Monday, July 21, 2008

Problems with new TSA id procedures


In a series of posts in their blog, the TSA has expanded on its
claimed authority for the changes to "ID verificationprocedures"
announced in a press release last month.

Lawmaking by press release exemplifies the evils of "secret law" which
the Supreme Court declined to consider in Gilmore v. Gonzalez. The TSA
now says that, "Our position is that Gilmore v. Gonzalez affirmed our
ability to require ID for transportation via air and the law that
formed TSA, the Aviation and Transportation Security Act (ATSA)
empowers the TSA to make these decisions."

In fact:

1. The 9th Circuit Court of Appeals in Gilmore v. Gonzalez reached
its decision without addressing whether it would have been permissible
for the airline or the TSA (or anyone else) to require Mr. Gilmore to
show evidence of his identity, or to prevent him from travelling if he
failed to do so. The court found that, as of that time and in that
particular case, Mr. Gilmore could have flown without showing ID.
2. The section of the statute cited by the TSA in its press release
and blog grants the TSA authority to issue certain regulations. But
such regulations must be issued in a particular way, published in the
Federal Register for comment, etc. Whatever they have done in secret,
the TSA has not, in fact, issued any actual "regulations" requiring
would-be passengers to display evidence of their identity, or to
answer questions related to their identity.
3. If the TSA were to promulgate such regulations, they would
exceed the authority granted by the statute cited by the TSA, which
defines TSA authority to limit access to "sterile" areas in airports
as limited to screening for weapons, explosives, and incendiaries —
not absent or unsatisfactory evidence of identity.
4. Finally, any statute purporting to grant the TSA such authority
— were one to be enacted, which it hasn't been — would have to pass
muster under both Constitutional and international human rights treaty

So the question isn't what authority the TSA has to issue regulations
for screening, but what authority they have to compel answers to
questions, to compel production of documentary evidence, or to prevent
or delay people from travelling, in the absence of regulations or
statutory authority for such actions.

But that's not all. The TSA's new "procedures" may violate several other laws:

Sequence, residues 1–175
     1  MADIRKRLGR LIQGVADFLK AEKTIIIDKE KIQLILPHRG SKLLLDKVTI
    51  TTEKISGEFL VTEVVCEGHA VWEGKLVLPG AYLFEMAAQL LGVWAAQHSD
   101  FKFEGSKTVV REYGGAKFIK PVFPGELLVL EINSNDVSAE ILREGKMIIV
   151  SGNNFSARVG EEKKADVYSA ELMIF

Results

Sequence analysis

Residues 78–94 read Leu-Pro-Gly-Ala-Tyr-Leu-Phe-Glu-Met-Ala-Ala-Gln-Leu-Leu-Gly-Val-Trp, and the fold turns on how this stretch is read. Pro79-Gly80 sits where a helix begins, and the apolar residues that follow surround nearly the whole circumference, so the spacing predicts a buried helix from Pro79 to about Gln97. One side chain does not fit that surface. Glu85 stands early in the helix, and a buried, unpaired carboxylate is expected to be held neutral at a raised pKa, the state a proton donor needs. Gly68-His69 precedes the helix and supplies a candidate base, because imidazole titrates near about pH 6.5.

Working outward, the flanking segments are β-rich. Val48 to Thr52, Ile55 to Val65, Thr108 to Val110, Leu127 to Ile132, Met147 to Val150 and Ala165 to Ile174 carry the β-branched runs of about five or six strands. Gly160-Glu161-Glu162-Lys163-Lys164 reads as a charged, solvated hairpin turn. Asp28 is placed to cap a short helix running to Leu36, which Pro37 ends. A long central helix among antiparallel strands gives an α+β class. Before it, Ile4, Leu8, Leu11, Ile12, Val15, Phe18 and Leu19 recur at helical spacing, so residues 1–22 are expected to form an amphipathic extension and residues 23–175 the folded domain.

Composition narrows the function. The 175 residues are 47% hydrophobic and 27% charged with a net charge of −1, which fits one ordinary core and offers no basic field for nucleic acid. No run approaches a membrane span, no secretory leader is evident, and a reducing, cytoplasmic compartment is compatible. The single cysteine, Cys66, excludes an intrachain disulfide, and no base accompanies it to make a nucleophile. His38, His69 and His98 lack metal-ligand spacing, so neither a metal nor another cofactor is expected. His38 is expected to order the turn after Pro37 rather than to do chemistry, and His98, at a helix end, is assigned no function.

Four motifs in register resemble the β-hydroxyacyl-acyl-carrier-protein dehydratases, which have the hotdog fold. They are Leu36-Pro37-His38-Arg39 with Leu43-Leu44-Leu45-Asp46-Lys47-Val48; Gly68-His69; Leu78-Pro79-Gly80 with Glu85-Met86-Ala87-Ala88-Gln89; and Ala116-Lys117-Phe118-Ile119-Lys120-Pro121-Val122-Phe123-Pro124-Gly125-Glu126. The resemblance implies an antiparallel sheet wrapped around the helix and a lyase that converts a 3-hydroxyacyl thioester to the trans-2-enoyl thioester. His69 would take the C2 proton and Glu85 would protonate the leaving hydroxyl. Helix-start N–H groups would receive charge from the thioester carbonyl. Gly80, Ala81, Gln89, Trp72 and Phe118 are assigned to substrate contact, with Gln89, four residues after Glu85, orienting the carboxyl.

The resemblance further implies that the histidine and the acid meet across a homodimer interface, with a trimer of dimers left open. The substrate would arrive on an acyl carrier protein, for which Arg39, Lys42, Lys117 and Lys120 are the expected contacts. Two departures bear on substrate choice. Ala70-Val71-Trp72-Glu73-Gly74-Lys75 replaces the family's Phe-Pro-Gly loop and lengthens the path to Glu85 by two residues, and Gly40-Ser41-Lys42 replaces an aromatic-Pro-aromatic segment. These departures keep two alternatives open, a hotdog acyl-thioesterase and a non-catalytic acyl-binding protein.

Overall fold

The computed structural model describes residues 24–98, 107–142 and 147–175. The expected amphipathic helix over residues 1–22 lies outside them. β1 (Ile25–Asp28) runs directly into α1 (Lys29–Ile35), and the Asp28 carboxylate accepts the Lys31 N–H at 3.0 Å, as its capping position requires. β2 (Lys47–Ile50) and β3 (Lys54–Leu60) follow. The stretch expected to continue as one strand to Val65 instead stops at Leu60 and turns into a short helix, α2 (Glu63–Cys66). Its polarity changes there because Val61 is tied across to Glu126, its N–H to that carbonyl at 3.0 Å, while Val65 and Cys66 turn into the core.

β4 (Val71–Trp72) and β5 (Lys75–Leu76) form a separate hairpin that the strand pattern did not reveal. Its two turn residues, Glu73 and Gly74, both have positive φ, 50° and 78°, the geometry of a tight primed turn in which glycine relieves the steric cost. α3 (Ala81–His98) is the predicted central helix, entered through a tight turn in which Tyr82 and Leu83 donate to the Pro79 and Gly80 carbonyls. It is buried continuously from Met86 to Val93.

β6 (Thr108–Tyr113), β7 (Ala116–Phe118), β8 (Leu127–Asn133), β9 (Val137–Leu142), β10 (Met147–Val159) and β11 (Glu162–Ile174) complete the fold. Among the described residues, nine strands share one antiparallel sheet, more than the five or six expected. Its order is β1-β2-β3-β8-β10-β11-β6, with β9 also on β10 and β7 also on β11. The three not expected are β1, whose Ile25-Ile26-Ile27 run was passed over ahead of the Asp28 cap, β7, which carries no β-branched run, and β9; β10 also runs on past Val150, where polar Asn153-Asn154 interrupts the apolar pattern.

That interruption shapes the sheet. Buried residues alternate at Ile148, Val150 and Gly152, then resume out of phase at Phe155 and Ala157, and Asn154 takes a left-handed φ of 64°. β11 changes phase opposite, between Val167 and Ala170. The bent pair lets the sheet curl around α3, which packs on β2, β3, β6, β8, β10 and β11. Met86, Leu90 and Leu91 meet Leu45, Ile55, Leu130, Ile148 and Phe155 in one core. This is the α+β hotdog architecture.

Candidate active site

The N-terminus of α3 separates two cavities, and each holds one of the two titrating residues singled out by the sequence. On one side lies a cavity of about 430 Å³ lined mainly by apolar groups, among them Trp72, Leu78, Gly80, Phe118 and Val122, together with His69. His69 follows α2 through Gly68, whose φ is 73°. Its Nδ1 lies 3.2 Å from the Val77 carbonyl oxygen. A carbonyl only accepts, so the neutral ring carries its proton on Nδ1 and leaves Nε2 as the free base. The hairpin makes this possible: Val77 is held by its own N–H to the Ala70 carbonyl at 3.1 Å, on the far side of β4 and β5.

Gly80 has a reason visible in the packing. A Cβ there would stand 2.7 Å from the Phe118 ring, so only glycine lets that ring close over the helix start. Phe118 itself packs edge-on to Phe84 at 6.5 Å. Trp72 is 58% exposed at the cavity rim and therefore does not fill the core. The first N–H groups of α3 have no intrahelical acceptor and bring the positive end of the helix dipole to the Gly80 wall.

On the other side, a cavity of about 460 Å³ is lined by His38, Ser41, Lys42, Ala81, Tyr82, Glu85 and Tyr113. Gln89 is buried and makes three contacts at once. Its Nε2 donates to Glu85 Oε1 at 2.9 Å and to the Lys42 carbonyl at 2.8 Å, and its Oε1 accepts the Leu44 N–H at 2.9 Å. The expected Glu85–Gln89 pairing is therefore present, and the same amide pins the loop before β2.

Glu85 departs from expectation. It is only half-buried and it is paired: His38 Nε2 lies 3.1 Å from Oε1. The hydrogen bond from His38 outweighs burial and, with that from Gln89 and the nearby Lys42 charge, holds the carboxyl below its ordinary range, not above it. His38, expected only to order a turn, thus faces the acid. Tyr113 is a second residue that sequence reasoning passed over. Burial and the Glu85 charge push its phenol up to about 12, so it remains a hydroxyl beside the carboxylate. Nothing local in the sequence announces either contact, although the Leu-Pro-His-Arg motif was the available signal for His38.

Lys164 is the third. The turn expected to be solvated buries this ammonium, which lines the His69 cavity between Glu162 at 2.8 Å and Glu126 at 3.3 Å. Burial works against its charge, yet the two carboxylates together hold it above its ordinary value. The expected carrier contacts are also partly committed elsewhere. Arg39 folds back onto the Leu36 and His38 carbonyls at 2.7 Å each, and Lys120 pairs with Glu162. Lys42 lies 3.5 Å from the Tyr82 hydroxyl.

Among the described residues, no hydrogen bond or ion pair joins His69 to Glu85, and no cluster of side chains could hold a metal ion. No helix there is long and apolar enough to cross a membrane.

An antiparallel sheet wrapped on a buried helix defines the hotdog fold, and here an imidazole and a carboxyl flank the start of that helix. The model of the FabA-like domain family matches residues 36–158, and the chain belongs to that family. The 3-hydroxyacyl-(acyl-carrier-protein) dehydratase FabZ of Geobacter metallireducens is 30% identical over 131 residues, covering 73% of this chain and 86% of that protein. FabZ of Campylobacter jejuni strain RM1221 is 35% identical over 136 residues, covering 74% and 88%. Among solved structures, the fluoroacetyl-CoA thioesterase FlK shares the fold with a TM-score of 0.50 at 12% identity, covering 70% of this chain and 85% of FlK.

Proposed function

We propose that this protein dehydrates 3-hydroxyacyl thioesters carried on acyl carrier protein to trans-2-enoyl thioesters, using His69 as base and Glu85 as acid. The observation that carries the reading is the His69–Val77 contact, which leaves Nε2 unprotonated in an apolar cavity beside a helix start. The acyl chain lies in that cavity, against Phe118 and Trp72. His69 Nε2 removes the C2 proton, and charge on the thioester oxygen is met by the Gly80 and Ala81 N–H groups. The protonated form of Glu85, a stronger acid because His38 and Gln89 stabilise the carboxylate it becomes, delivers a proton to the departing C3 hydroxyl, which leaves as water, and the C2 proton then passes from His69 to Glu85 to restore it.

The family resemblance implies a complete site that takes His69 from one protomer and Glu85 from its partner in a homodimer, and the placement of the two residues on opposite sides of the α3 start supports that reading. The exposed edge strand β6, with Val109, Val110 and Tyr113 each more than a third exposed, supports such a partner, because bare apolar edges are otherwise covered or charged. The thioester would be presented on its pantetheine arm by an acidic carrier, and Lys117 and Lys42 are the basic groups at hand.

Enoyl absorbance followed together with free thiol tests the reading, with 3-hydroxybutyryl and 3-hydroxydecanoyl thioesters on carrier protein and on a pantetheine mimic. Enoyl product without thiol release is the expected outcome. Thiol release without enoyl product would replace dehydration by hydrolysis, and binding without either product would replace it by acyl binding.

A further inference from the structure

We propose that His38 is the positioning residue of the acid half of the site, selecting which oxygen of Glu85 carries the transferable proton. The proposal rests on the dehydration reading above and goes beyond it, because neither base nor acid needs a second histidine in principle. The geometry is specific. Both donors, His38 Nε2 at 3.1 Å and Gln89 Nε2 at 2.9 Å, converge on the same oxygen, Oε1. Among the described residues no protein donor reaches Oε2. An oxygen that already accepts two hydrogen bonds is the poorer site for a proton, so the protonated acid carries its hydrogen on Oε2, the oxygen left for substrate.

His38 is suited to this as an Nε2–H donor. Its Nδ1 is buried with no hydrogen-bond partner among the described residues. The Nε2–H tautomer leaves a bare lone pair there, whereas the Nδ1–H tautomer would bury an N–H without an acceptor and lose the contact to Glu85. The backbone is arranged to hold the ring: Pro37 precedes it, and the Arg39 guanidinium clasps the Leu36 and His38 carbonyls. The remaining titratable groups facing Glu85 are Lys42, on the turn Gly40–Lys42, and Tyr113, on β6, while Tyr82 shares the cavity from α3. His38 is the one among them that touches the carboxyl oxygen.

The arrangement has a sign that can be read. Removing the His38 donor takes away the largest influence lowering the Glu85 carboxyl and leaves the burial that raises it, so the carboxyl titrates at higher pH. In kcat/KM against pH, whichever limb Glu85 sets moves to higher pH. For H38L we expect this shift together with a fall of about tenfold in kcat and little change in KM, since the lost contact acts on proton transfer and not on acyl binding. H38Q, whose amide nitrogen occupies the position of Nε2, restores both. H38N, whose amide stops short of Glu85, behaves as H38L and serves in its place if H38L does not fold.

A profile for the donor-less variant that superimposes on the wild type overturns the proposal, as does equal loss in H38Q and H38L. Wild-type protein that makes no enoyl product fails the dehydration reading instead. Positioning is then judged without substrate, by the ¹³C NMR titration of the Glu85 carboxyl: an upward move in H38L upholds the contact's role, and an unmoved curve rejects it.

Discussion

1. Pursuant to the Regulatory Flexibility Act, an agency may not
conduct, and a person is not required to respond to, a collection of
information unless the collection of information displays a valid
control number assigned by the Office of Management and Budget
following publication of the proposal for the information collection
in the Federal Register, and an opportunity for public comment. We
haven't seen any OMB control number on any TSA signs requesting the
collection of either ticket or identity document information, and we
can find no record of any Federal Register notice of a TSA proposal to
collect either sort of information from travellers. If the TSA asks
you to complete any sort of ticket or identity verification form, look
for the OMB control number. If there is one, let us know what it is.
(We'd love to see a copy of the actual form as well.) If there's no
OMB control number, politely remind the TSA that they aren't allowed
to collect this information, and you aren't required to provide it.
2. Under the Privacy Act, it is a crime for a Federal employee to
operate a system of records without providing notice — both in a
System of Records Notice in the Federal Register, and when requesting
information from individuals — of the authority for the system and the
ways the information will be used. We haven't seen any Privacy Act
notices being provided to travellers when they are asked to show their
tickets and identity documents, and we can't find any record of a SORN
in the Federal Register for any system of records of tickets or
passenger ID for domestic flights within the US. If this information
is to be recorded, ask to see a Privacy Act notice for what system it
will be stored in and how it will be used. (if you can get one, please
send us a copy of this notice.) And remind the TSA politely that
anyone who is storing it without such a published notice is committing
a Federal crime.
3. The TSA has admitted in their blog that they are using "public
source" information about would-be travellers to determine whether to
allow them to fly. But under Section 513 of the Consolidated
Appropriations Act, 2007 (P.L. 110-161, H.R. 2764), "(d) … (a), no
information gathered from passengers, foreign or domestic air
carriers, or reservation systems may be used to screen aviation
passengers, or delay or deny boarding to such passengers, except in
instances where passenger names are matched to a Government watch
list." It's unclear if the new TSA identity verification procedures
are limited to passengers whose names match those on watch lists, but
it seems unlikely. So if you are stopped or delayed by the TSA, on the
basis of the information you have provided (including on the basis of